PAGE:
The appellate judges disagreed with that interpretation. The key quote from Judge Rao’s opinion is from Fokker: Rule 48 “gives no power to a district court to deny a prosecutor’s . . . motion to dismiss charges based on a disagreement with the prosecution’s exercise of charging authority.” Those words came from Judge Sri Srinivasan, an Obama appointee.
Columnist Kimberley Strassel also noted that this decision was key for another reason: a federal court has acknowledged the FBI running amok in 2016. Remember that the FBI used a political opposition research file compiled by an ex-MI6 spy, Christopher Steele, which was funded by the Democrats to secure a spy warrant on Carter Page, a former Trump campaign official. It was also used to set off Crossfire Hurricane, the spy operation against the Trump campaign proper. And also, laid the foundation for Flynn’s case (via WSJ):
House Judiciary Committee Democrats were back at their “politicized Justice Department” theme this week, calling a disgruntled former lieutenant of special counsel Robert Mueller to accuse the department of giving special treatment to President Trump’s allies. Too bad the testimony came on the very day a federal court confirmed that Mr. Mueller’s team and the Federal Bureau of Investigation engaged in misconduct.
Largely overlooked was the decision’s rebuke of the FBI and the Mueller team. The D.C. Circuit became the first federal court to acknowledge the misconduct that Attorney General William Barr is trying to bring to light. Most of the courts that oversaw Mr. Mueller’s prosecutions were asked to do no more than rubber-stamp a plea deal or sign off on a jury verdict. But Mr. Flynn, backed by tenacious lawyer Sidney Powell, fought the charges—forcing the Justice Department to review its actions, acknowledge its bad acts, and move to dismiss its case. Democrats and the press cast this outcome as evidence of Mr. Barr’s “politicization.” The circuit court begs to differ.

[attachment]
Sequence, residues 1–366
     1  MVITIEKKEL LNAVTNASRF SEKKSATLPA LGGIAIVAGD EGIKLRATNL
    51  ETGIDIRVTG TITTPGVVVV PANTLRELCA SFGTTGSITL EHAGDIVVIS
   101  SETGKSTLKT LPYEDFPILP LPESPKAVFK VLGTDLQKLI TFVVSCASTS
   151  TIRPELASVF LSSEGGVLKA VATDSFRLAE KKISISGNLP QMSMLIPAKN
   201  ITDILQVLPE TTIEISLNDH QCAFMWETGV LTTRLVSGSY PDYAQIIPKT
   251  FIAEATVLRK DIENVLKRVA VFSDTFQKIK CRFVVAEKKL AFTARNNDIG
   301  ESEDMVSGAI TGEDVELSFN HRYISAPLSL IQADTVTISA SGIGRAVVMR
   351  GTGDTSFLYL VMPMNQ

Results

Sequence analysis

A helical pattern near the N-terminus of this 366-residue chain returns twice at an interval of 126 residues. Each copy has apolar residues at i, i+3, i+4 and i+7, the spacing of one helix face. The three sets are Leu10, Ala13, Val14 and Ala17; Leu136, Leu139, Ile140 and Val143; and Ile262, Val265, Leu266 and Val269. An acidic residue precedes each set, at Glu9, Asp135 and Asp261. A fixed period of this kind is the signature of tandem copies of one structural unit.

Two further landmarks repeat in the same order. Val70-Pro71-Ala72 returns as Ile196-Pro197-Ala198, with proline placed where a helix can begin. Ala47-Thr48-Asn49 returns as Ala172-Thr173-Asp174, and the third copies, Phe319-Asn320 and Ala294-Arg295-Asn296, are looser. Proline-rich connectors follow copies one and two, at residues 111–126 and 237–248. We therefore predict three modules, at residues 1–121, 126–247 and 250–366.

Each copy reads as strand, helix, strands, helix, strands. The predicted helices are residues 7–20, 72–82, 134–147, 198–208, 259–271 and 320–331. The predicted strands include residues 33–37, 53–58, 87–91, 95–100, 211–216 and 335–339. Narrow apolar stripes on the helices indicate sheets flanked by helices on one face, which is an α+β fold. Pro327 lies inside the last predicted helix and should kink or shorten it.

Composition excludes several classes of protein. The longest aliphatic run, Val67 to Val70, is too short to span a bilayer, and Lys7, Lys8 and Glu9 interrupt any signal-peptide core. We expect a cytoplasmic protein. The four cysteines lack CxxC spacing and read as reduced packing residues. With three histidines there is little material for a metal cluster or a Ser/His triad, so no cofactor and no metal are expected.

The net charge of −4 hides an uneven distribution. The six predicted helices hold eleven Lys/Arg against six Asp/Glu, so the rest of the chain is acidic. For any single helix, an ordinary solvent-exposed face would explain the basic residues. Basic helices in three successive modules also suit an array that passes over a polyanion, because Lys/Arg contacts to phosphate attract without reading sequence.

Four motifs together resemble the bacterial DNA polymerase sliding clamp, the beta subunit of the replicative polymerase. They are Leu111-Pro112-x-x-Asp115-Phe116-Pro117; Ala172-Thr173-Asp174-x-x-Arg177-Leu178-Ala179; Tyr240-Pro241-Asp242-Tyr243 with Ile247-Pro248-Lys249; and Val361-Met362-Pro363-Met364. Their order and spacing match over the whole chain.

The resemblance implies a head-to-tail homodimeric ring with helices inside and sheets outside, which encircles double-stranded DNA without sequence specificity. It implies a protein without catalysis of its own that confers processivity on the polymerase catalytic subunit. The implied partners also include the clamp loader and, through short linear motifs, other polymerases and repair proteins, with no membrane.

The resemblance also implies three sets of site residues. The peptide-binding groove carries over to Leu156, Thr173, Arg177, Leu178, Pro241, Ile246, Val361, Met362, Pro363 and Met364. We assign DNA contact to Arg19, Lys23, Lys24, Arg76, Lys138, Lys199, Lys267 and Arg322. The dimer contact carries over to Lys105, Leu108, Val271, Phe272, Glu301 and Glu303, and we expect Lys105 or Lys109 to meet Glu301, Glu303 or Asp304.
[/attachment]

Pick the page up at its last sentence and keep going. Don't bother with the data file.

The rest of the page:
The Justice Department’s credibility was at stake here. Judge Sullivan bought into the same Democratic conspiracy theories, which is why he refused Justice’s motion to dismiss and appointed retired judge John Gleeson to act as shadow prosecutor. He argued the Justice Department wasn’t entitled to the usual “presumption of regularity.” And if the circuit judges thought there was anything to claims that Mr. Barr was playing political favorites, it could have allowed the process to continue.
Instead they bluntly noted that there was no “legitimate basis” to question the department’s behavior. They even slapped Mr. Gleeson for relying on “news stories, tweets and other facts outside the record.” By contrast, Judge Rao’s opinion notes: “The government’s motion includes an extensive discussion of newly discovered evidence casting Flynn’s guilt into doubt.” It points out that this includes “evidence of misconduct by the Federal Bureau of Investigation.” It finishes by noting that each government branch must be encouraged to “self correct when it errs.”
The court’s conclusion is obvious. All it had to do was look at the voluminous evidence the Justice Department supplied. Its briefs proved the FBI had improperly pursued Mr. Flynn, keeping open an investigation that produced no evidence, ginning up a “violation” of the seldom-enforced Logan Act, sandbagging Mr. Flynn with an interview that had no “legitimate investigative basis.”
Ouch. Still, this week was very good for American justice. At times, it takes time, but it prevailed. Flynndication indeed.